• Know Thy Reader
    If someone exploring earth from a distant planet were to peruse the last year or so of articles related to digital advertising in preparation for her visit, she would conclude that there are three distinct species inhabiting our planet. Landing her spaceship in Manhattan, she would look around, expecting to spot the fanged carnivores known as advertisers, the laborious omnivores known as publishers, and the meek herbivores variously called readers or consumers (these terms being akin to the words cow or beef, depending on whether you are describing the grazing animal or the juicy steak you are about to consume). ...
  • The Trumping Of Adblock Plus
    I met the executives from Adblock Plus at a roundtable gathering in New York a few months back. They came across as well-intended people, authentic in their defense of the consumer. They came across likable - if that should even matter. What does matter: They came across as smart. They are, however, guilty of being a bit nave about the online advertising industry they have commandeered. That will get adjusted over time as they gain more ground between advertisers and publishers.
  • Dear Online Publishers: How About An Advertiser Directory?
    It used to be that virtually all print magazines included an advertiser directory: a list of the advertisers whose ads appeared in the magazine, along with a way of contacting the advertisers. In some cases, the magazine even included a tear-out card that you could mail in, checking off the advertisers in whose product you were interested. A superficial scan suggests that this practice is no longer common even for print magazines. And I can't say that I have ever seen an advertiser directory in an online publication. But why not?
  • It Happens Faster Than You Think
    My father's birthday was this past Valentine's Day. He would have been 80. My father was never going to be 80. When he was 67 - soon after hearing the term "stage 4"- he went to see the movie "Bad Santa" with me and one of his closest friends, Rob. When the movie ended, I went to the parking lot and pulled the car closer to the entrance. While my car idled, I saw through the theater's glass doors that my dad had fallen and Rob was helping him up. I saw Rob a few weeks later at my father's ...
  • Less Is More: Long Video Ads Are Lazy And Disrespectful
    In 1994 the FIFA World Cup was played in the U.S. That was the first time that I was able to watch quality soccer on TV without having to find one of the foreign-language channels. However, I was horrified that the broadcasters chose to insert regular ad breaks during the matches. This was idiotic: Unlike typical American sports, soccer does not have regulated breaks, and the action can happen at any time. As a matter of fact, during the final match between my home country (Italy) and Brazil, a crucial goal was missed by viewers because of a commercial break.
  • Programmatic TV: Don't Adopt The Mistakes
    The ability to deliver sight, sound and motion is the first reason why TV rules the media stage. The enormous advantage of having less supply for greater demand is the second reason. The third reason is content. Consumers don't binge-watch Web sites, radio or magazines. Only television content can cause that. To their credit, television broadcasters are looking at ways to get even better at selling ads, and programmatic technology has caught their interest. Here is some advice on how to strategically embrace programmatic without adopting the mistakes that can come with it.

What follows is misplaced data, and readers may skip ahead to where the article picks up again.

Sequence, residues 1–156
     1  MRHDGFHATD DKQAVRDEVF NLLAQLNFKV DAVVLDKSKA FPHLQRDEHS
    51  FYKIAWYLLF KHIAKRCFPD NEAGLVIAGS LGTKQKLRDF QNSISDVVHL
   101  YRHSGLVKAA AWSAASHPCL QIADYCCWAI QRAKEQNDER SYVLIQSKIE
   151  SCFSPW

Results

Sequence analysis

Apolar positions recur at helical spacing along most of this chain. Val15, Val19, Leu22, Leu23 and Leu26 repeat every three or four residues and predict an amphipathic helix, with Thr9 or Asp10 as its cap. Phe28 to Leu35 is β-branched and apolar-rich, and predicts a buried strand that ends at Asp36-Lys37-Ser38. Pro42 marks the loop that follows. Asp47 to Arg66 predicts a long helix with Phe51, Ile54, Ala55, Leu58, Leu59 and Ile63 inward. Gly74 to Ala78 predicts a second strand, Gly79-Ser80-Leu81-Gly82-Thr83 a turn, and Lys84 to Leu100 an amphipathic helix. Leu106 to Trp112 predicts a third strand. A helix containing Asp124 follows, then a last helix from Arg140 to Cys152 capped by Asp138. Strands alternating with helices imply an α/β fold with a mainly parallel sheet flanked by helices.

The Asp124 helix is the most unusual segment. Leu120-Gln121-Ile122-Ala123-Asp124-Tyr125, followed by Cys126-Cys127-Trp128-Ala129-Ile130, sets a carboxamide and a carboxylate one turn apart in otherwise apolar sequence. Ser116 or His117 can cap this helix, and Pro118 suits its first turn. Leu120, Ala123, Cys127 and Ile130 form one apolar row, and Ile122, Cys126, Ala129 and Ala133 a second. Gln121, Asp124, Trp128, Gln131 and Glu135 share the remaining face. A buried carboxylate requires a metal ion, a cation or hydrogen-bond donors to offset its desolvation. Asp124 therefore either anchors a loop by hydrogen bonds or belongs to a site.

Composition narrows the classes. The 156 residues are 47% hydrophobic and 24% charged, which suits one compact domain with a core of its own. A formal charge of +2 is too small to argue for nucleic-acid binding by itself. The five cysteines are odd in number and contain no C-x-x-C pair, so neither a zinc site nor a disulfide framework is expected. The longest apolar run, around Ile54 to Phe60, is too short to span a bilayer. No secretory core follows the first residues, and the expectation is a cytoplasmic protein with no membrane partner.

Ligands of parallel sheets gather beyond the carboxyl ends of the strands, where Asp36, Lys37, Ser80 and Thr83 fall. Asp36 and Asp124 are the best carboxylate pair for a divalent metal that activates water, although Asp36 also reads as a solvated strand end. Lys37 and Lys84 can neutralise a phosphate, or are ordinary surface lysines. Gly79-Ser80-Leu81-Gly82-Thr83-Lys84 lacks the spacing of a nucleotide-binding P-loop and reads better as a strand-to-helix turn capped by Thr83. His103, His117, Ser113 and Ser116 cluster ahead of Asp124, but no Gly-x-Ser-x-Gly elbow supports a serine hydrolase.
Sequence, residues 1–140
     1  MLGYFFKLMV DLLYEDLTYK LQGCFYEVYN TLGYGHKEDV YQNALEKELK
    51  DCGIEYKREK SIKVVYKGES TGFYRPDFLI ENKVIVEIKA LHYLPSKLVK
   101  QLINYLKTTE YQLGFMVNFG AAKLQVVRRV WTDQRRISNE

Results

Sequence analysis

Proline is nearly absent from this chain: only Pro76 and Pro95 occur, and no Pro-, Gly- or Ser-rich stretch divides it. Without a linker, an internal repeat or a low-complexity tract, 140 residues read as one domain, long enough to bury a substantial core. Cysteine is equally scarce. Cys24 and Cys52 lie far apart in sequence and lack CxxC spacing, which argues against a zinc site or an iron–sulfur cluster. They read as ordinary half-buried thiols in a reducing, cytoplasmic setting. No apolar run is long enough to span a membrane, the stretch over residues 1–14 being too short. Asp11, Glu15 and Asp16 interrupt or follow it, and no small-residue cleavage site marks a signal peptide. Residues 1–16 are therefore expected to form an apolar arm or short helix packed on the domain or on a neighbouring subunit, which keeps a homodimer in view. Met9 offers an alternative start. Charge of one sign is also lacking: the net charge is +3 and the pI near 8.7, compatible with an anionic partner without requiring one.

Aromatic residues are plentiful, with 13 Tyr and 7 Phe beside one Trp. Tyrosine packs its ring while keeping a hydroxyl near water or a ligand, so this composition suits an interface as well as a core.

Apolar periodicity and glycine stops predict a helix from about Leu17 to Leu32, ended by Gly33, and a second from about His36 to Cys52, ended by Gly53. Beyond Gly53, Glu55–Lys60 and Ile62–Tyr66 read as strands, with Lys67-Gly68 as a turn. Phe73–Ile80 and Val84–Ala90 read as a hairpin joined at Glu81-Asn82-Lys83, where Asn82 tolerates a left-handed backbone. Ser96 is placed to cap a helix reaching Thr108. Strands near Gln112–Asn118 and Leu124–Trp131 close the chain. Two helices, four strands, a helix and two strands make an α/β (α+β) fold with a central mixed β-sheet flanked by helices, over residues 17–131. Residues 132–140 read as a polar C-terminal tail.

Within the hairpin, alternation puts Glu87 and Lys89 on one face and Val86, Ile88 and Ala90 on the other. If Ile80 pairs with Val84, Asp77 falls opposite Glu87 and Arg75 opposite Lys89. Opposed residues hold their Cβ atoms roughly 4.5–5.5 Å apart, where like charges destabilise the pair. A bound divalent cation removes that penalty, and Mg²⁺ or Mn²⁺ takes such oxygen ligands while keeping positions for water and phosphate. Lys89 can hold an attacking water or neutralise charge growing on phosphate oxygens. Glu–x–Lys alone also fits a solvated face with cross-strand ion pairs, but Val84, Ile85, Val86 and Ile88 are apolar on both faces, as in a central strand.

• 7 Reasons Why It Sucks To Be A Publisher
    These days, online publishing has become a tough business. Competition for the reader's attention is fierce, business models are falling apart, trust is eroding -- the list goes on. If you feel like commiserating with fellow publishers at your next networking event, or if you want to explain to your loved ones why you are losing hair prematurely, here is a handy-dandy list of reasons you can cite.
  • VF: Letters Of Betrayal
    Ari Rosenberg revisits a love from his past: Vanity Fair. "I began to read you as if it were the first time all over again. Only this time, it was immediately clear how impossible it would be to ignore the impact the Internet has had on you and on me."
  • Digital Baksheesh
    Ten years ago almost to the day, I had the pleasure of traveling to Egypt with my daughter in celebration of her 16th birthday. Our trip took place well before the Arab Spring unrest, so we had no concerns about safety and had a really enjoyable time.The only annoying aspect of the trip was that, whenever we went someplace that catered to tourists, we were constantly approached by all sorts of people who were looking for ways to make us part with our money. I came to realize that, to the average Egyptian, tourists are nothing more than wallets with ...
  • Another DUI For The IAB
    In 2013 the Interactive Advertising Bureau published its "Native Advertising Playbook" to help drive this growing segment of Internet advertising. The playbook stated, "It is clear that most advertisers and publishers aspire to deliver paid ads that are so cohesive with the page content, assimilated into the design, and consistent with the platform behavior that the viewer simply feels that they belong." Two weeks ago, the Federal Trade Commission pulled the IAB over for driving the industry under the influence of self-delusion. It turns out running ads that "assimilate into the design" - so much so that "the viewer feels ...
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